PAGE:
Hence, the functions without `@turbo` inlined into your benchmark, but the `@turbo` version did not, adding function call overhead.

For a “fair” comparison, you should add `@inline` (or maybe `@noinline`) to all the functions.

Why are the timings for `@inbounds` and `@inbounds @simd` essentially the same, i.e. why do I not get any additional speedup from `@simd` ? `lscpu` returns `sse` , `sse2` , and `avx` , so I’d expect some speedup for floating-point operations.

`@simd` tells the compiler it is okay to change the order of operations in order to SIMD your code, i.e. assume that floating point operations are associative (even though they aren’t!).
This speeds up your code, but changes the answer. Normally, it actually makes the answer more accurate, because using separate parallel accumulators in a reduction (e.g. a sum) makes it much more accurate (along with much faster).
However, this changes the result vs what you literally wrote, so you must give the compiler permission to do it.

With your simple loop, however, the compiler can SIMD it without changing the answer at all.
Try:

``````julia> @code_llvm debuginfo=:none vmul_inbounds!(c, a, b)
``````

Among the output, I get:

``````vector.body:                                      ; preds = %vector.body, %vector.ph
%index = phi i64 [ 0, %vector.ph ], [ %index.next, %vector.body ]
%19 = getelementptr inbounds double, double* %16, i64 %index
%20 = bitcast double* %19 to <8 x double>*
%wide.load = load <8 x double>, <8 x double>* %20, align 8
%21 = getelementptr inbounds double, double* %19, i64 8
%22 = bitcast double* %21 to <8 x double>*
%wide.load17 = load <8 x double>, <8 x double>* %22, align 8
%23 = getelementptr inbounds double, double* %19, i64 16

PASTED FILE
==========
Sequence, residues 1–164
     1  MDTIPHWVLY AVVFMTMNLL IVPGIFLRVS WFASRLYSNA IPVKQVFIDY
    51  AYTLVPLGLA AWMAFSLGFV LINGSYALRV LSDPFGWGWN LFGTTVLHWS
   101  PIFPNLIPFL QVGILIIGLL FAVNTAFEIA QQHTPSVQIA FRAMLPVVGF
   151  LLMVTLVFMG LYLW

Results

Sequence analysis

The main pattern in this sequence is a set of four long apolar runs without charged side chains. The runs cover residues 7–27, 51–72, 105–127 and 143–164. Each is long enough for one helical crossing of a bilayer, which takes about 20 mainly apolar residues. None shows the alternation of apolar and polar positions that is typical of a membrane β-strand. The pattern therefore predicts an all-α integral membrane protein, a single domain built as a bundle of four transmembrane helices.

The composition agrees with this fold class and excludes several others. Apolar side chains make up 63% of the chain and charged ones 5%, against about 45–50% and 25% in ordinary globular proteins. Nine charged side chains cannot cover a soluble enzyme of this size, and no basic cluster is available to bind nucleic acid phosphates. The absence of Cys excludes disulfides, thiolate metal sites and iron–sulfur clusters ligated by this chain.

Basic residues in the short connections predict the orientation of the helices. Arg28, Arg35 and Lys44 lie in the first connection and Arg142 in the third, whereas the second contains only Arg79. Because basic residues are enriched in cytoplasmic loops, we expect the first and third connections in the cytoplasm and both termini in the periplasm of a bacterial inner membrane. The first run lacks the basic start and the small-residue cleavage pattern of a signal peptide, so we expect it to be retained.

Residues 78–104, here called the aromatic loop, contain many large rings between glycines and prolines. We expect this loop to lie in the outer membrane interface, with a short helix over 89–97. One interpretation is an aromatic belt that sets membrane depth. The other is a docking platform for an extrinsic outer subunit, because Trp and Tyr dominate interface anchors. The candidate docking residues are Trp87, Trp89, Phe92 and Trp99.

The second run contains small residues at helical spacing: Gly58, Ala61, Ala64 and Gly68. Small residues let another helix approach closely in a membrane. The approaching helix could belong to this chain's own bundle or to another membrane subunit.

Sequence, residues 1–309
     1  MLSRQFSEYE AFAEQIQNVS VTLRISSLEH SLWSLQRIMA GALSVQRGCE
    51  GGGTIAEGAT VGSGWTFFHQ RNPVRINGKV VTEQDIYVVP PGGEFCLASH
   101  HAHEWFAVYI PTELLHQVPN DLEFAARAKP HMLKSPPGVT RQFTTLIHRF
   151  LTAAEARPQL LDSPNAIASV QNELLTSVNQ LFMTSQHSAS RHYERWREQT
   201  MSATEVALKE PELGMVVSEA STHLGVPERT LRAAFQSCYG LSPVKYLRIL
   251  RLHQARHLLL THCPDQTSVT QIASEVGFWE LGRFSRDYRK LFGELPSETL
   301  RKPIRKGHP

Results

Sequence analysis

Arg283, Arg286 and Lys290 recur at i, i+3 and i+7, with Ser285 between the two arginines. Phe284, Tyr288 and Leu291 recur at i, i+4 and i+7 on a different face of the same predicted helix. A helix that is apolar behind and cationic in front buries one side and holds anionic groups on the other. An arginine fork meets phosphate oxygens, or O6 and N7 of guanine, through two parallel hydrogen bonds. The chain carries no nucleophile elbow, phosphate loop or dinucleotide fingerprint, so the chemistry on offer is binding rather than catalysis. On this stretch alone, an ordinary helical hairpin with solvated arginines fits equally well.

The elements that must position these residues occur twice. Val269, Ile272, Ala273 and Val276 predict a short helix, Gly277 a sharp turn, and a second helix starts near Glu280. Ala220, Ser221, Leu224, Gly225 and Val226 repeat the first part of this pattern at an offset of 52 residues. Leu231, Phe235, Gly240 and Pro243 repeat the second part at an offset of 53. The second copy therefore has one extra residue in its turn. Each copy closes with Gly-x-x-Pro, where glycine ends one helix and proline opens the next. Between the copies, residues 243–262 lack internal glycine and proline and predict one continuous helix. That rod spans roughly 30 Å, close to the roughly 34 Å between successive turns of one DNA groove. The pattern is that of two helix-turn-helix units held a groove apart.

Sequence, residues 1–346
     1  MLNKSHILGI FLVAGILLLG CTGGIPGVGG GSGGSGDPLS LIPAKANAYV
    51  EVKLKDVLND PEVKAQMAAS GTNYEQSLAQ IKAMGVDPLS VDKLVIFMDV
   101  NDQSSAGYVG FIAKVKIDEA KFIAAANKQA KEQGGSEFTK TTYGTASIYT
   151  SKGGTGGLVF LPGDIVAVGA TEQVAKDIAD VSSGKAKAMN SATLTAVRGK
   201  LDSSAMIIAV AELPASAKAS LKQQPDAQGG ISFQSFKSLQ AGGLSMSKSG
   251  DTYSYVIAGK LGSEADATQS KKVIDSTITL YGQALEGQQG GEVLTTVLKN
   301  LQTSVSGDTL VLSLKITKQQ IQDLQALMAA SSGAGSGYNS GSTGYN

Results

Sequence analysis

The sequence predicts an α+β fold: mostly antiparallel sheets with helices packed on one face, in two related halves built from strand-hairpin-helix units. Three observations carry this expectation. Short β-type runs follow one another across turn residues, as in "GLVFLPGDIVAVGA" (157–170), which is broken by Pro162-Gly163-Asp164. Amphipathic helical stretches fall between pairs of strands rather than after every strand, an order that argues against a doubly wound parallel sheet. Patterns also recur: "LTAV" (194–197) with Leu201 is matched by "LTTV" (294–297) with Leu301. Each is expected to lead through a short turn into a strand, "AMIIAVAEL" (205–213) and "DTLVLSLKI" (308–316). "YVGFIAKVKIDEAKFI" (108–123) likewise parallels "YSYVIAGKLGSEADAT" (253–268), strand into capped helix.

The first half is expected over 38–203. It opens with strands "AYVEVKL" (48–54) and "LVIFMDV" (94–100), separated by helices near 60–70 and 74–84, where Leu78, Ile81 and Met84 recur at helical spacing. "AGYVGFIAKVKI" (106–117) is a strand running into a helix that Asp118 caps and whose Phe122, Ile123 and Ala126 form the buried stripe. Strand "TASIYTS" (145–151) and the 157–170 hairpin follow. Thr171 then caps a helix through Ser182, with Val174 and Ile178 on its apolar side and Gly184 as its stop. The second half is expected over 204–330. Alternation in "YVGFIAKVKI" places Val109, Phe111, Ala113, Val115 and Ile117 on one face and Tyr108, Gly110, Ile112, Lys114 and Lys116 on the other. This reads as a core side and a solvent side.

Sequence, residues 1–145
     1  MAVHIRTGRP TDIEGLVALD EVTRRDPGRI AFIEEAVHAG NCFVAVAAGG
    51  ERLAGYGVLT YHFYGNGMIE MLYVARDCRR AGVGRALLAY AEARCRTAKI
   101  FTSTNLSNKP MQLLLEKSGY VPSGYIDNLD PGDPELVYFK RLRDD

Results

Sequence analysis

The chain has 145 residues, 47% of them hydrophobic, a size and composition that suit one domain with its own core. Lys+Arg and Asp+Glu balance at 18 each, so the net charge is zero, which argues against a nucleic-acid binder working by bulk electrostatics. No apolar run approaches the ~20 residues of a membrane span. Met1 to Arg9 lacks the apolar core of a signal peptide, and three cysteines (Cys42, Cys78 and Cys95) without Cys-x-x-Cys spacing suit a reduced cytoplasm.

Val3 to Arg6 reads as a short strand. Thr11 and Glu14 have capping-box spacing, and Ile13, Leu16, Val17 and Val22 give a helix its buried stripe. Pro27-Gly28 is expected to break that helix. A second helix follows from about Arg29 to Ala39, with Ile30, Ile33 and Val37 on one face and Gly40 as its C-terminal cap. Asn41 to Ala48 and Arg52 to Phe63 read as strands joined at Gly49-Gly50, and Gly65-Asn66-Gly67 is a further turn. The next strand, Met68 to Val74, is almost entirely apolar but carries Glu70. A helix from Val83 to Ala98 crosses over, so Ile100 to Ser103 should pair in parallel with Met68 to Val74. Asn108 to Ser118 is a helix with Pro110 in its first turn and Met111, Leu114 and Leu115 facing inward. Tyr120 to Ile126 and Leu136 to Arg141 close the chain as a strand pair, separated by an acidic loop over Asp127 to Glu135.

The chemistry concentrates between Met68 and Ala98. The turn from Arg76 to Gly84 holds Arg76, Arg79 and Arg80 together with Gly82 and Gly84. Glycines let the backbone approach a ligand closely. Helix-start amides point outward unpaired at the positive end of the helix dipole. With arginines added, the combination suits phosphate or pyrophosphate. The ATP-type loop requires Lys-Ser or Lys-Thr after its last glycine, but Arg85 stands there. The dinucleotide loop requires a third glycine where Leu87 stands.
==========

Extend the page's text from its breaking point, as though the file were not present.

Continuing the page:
%24 = bitcast double* %23 to <8 x double>*
%wide.load18 = load <8 x double>, <8 x double>* %24, align 8
%25 = getelementptr inbounds double, double* %19, i64 24
%26 = bitcast double* %25 to <8 x double>*
%wide.load19 = load <8 x double>, <8 x double>* %26, align 8
%27 = getelementptr inbounds double, double* %17, i64 %index
%28 = bitcast double* %27 to <8 x double>*
%wide.load20 = load <8 x double>, <8 x double>* %28, align 8
%29 = getelementptr inbounds double, double* %27, i64 8
%30 = bitcast double* %29 to <8 x double>*
%wide.load21 = load <8 x double>, <8 x double>* %30, align 8
%31 = getelementptr inbounds double, double* %27, i64 16
%32 = bitcast double* %31 to <8 x double>*
%wide.load22 = load <8 x double>, <8 x double>* %32, align 8
%33 = getelementptr inbounds double, double* %27, i64 24
%34 = bitcast double* %33 to <8 x double>*
%wide.load23 = load <8 x double>, <8 x double>* %34, align 8
%39 = getelementptr inbounds double, double* %18, i64 %index
%40 = bitcast double* %39 to <8 x double>*
store <8 x double> %35, <8 x double>* %40, align 8
%41 = getelementptr inbounds double, double* %39, i64 8
%42 = bitcast double* %41 to <8 x double>*
store <8 x double> %36, <8 x double>* %42, align 8
%43 = getelementptr inbounds double, double* %39, i64 16
%44 = bitcast double* %43 to <8 x double>*
store <8 x double> %37, <8 x double>* %44, align 8
%45 = getelementptr inbounds double, double* %39, i64 24
%46 = bitcast double* %45 to <8 x double>*
store <8 x double> %38, <8 x double>* %46, align 8
%index.next = add i64 %index, 32
%47 = icmp eq i64 %index.next, %n.vec
br i1 %47, label %middle.block, label %vector.body
``````

Note all the `<8 x double>`. This is an easy way to confirm SIMD.

Also, as a final comment, I’d be interested in seeing the chart with `@inline` (preferably) or `@noinline` applied to each of the functions. I expect LoopVectorization to win overall, particularly whenever `N % 16` is more than a couple.